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Special Peace Team to Gaza, February 24, 2009

Egyptian official tells Peter and Liz, "You cannot enter Gaza." (first photo)

Middle Photo: Protest on February 24, 2009 at the Rafah Crossing

Last Photo: Children entering war torn Gaza Today

For a second day we (Liz and Peter) arrived at the Rafah Crossing border on the Egyptian side and requested entry into Gaza. Like yesterday, we were denied entry. No internationals are being allowed to enter, no matter what NGO they may represent.

Palestinians who live in Gaza are being allowed to return home, and for that we are glad. Few Gazans are being allowed out of Gaza. A Red Crescent ambulance arrived at the entrance, transporting a Gazan man, age 48, lying on a pallet. He had been injured in the head during the 22-day Israeli invasion of December-January. He was taken to a hospital in Cairo, and today was being brought home.

We met other internationals who also are attempting to enter Gaza. We became a small bonded group for the day.

One woman is Palestinian, born in and living in the U.S., who is not being allowed to see her family living in Gaza because she does not have Palestinian resident I.D. She and another Palestinian living in the same city brought a modest amount of medicine and other goods which were admitted into Gaza yesterday.

This passionate vocal woman brought a fine large banner saying "We are all Gaza." She invited us to join in holding this banner in front of the gate and chanting "Freedom for Palestine; Justice for Palestine!" We and a few others did so gladly. Egypt TV arrived and briefly filmed this vigil.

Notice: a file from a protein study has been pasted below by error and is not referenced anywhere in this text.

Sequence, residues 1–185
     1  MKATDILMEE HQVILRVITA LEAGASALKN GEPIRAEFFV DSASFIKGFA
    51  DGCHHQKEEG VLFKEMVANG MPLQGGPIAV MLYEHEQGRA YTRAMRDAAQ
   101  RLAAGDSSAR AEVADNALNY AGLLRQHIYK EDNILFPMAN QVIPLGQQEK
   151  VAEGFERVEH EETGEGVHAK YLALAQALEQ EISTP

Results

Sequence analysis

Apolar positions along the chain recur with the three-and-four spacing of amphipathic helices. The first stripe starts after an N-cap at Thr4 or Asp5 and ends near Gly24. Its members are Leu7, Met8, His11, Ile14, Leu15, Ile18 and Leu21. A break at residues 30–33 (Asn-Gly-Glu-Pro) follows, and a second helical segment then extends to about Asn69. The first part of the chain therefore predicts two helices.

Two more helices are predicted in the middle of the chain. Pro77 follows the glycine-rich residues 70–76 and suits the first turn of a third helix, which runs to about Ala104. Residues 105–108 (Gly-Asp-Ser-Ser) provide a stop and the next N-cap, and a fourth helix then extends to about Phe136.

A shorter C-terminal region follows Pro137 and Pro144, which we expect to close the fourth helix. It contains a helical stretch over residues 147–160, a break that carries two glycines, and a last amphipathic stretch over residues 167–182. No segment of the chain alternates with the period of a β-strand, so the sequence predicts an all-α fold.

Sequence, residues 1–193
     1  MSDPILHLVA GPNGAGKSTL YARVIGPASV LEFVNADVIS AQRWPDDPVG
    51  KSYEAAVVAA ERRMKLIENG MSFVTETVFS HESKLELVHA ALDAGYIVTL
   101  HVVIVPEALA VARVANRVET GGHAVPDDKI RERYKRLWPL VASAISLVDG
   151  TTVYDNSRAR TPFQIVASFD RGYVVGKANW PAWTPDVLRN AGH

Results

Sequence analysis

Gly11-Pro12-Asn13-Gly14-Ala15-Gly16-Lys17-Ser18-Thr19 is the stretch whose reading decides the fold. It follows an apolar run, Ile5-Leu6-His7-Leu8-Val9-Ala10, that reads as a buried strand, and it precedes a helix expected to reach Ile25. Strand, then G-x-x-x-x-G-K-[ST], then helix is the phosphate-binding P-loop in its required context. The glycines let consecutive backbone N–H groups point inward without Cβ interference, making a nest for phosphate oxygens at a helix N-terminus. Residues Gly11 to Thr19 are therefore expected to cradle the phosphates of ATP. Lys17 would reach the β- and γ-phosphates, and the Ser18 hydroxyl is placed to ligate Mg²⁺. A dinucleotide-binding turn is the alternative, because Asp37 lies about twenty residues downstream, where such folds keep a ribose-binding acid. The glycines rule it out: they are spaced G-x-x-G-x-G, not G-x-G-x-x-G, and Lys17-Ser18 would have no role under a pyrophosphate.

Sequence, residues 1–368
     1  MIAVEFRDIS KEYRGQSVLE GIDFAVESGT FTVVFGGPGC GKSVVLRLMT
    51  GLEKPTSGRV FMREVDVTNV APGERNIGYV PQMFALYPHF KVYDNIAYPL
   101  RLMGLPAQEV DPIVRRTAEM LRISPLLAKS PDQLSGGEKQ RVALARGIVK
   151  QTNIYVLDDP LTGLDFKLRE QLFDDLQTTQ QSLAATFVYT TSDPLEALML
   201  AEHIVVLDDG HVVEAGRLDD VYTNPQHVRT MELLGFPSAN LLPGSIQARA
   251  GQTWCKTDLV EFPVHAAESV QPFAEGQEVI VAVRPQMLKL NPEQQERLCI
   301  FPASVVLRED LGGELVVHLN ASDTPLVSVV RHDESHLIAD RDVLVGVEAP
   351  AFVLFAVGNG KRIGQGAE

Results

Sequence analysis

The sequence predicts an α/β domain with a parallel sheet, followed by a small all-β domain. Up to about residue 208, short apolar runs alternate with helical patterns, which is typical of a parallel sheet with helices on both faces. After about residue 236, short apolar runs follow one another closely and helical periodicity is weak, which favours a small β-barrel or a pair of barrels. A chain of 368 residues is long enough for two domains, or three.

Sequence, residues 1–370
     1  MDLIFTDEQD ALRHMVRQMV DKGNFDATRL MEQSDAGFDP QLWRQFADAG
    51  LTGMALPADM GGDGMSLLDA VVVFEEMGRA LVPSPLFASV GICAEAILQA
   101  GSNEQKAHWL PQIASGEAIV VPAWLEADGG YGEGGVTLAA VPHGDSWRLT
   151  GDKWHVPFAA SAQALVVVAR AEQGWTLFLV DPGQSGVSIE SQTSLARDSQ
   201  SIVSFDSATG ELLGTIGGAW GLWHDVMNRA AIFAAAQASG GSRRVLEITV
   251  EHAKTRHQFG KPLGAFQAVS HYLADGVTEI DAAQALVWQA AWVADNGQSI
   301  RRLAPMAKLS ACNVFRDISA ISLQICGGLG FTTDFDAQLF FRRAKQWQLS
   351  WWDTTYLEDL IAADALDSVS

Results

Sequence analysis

A man who is Egyptian and lives in Toronto teaches electrical and computer engineering at a university. He has been part of a group doing the same work as MPT.

A Bosnian man who had been raised in Syria represents an NGO in Bosnia called International Forum of Solidarity-Emmaus.

Looking just beyond the Rafah Crossing entrance we saw the Israeli gun tower that we had come to know a few years ago as we accompanied the Palestinians within Rafah, Gaza. We also saw that the huge wall along the Egypt-Gaza border was now gone. The space between called the Philadelphi Corridor used to routinely have many tanks that roamed, invaded, and shot at Gazans and their homes. In 2005 the Israelis withdrew Israeli settlers, soldiers and the tanks. But as we have seen, Israel invades Gaza at will, as they did in Operation Cast Iron.

Our small group traveled to the town of Rafah, Egypt, which has many soldiers and police out in force. We (Liz and Peter) wanted to see into Rafah, Gaza. Our hearts are with our friends there that we cannot see now face to face, though we communicate by phone. Liz identified the tower near the entrance of the Gaza Strip, north of Gaza City.

In the next few days we will share interviews and photos from our friends in Gaza whom we cannot greet face to face because of the oppressive closure of the borders that deny entry of adequate necessities of life to Gazans who are enclosed in their prison.

Imprisoned they may be, but we celebrate their will to carry on and their hope for a free Palestine.

--Liz and Peter

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